Background We present and discuss the results of a Norwegian survey of medical doctors' views on potential ethical dilemmas in professional practice.
Methods The study was conducted in 2015 as a postal questionnaire to a representative sample of 1612 doctors, among which 1261 responded (78%). We provided a list of 41 potential ethical dilemmas and asked whether each was considered a dilemma, and whether the doctor would perform the task, if in a position to do so. Conceptually, dilemmas arise because of tensions between two or more of four doctor roles: the patient’s advocate, a steward of societal interests, a member of a profession and a private individual.
Results 27 of the potential dilemmas were considered dilemmas by at least 50% of the respondents. For more than half of the dilemmas, the anticipated course of action varied substantially within the professional group, with at least 20% choosing a different course than their colleagues, indicating low consensus in the profession.
Conclusions Doctors experience a large range of ethical dilemmas, of which many have been given little attention by academic medical ethics. The less-discussed dilemmas are characterised by a low degree of consensus in the profession about how to handle them. There is a need for medical ethicists, medical education, postgraduate courses and clinical ethics support to address common dilemmas in clinical practice. Viewing dilemmas as role conflicts can be a fruitful approach to these discussions.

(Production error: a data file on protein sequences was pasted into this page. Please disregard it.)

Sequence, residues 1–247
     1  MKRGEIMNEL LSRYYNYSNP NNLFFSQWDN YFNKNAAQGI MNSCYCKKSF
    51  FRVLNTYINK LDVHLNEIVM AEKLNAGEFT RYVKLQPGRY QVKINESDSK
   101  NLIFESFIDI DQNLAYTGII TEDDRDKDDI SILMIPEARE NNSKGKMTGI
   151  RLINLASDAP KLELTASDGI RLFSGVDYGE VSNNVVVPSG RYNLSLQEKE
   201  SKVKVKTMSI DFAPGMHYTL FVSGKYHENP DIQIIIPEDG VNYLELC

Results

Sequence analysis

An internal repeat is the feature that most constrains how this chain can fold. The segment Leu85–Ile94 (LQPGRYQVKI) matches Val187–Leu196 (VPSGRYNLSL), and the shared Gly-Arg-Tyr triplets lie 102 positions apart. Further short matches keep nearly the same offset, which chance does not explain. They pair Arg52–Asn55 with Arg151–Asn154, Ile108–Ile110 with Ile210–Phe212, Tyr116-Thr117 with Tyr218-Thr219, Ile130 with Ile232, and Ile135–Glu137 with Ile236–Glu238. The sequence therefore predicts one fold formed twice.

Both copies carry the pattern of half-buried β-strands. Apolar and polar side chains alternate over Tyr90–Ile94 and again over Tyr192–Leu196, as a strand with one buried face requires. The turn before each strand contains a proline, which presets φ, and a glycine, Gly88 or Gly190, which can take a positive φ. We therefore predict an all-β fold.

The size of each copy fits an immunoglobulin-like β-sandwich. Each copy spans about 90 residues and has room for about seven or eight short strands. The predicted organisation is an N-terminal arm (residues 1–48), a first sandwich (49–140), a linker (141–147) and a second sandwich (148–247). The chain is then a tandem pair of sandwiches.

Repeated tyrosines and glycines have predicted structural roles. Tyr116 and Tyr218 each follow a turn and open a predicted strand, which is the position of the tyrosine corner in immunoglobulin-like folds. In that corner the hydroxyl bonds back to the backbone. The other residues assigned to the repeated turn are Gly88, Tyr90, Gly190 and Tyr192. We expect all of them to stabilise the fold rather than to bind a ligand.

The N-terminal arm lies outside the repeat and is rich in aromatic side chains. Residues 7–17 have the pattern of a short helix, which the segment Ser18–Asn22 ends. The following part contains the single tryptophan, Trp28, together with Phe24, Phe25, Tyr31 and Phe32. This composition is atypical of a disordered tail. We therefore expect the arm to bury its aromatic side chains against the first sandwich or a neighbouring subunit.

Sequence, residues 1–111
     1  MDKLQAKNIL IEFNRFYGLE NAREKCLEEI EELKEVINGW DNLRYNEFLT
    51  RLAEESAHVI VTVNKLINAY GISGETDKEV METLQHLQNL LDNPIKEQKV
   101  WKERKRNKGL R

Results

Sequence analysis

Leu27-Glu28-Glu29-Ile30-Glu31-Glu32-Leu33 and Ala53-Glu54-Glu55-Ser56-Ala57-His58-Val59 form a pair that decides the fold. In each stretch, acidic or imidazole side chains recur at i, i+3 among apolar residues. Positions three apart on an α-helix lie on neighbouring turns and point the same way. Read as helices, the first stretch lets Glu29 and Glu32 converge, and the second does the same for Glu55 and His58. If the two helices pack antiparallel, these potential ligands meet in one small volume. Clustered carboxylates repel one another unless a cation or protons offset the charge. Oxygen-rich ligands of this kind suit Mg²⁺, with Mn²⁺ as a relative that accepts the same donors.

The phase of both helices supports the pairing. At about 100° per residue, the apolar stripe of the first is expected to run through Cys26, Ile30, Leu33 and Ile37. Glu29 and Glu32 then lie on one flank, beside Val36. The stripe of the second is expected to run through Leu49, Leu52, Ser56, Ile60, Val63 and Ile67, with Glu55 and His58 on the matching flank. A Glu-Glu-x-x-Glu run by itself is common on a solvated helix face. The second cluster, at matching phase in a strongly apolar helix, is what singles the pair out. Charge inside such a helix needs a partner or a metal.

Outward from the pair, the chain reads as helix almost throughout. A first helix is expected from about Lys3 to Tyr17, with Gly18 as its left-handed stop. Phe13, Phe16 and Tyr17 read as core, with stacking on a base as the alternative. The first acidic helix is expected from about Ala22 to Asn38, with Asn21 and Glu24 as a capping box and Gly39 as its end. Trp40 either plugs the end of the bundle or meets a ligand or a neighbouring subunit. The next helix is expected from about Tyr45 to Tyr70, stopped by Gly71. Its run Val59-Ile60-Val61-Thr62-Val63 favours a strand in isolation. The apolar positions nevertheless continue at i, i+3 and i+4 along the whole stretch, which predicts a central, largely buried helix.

- clinical ethics
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Contributors All authors have collaborated in all phases of the project. OGA initiated the survey, and all authors discussed its contents. OGA, KIR and BB collaborated in implementing the survey. BB wrote the first draft of the paper, and all authors contributed in its further devleopment, including the revision.
Competing interests None declared.
Ethics approval The Regional Committee for Medical Research Ethics has exempted the survey from review since it does not include patient data (approval no IRB 0000 1870).
Provenance and peer review Not commissioned; externally peer reviewed.
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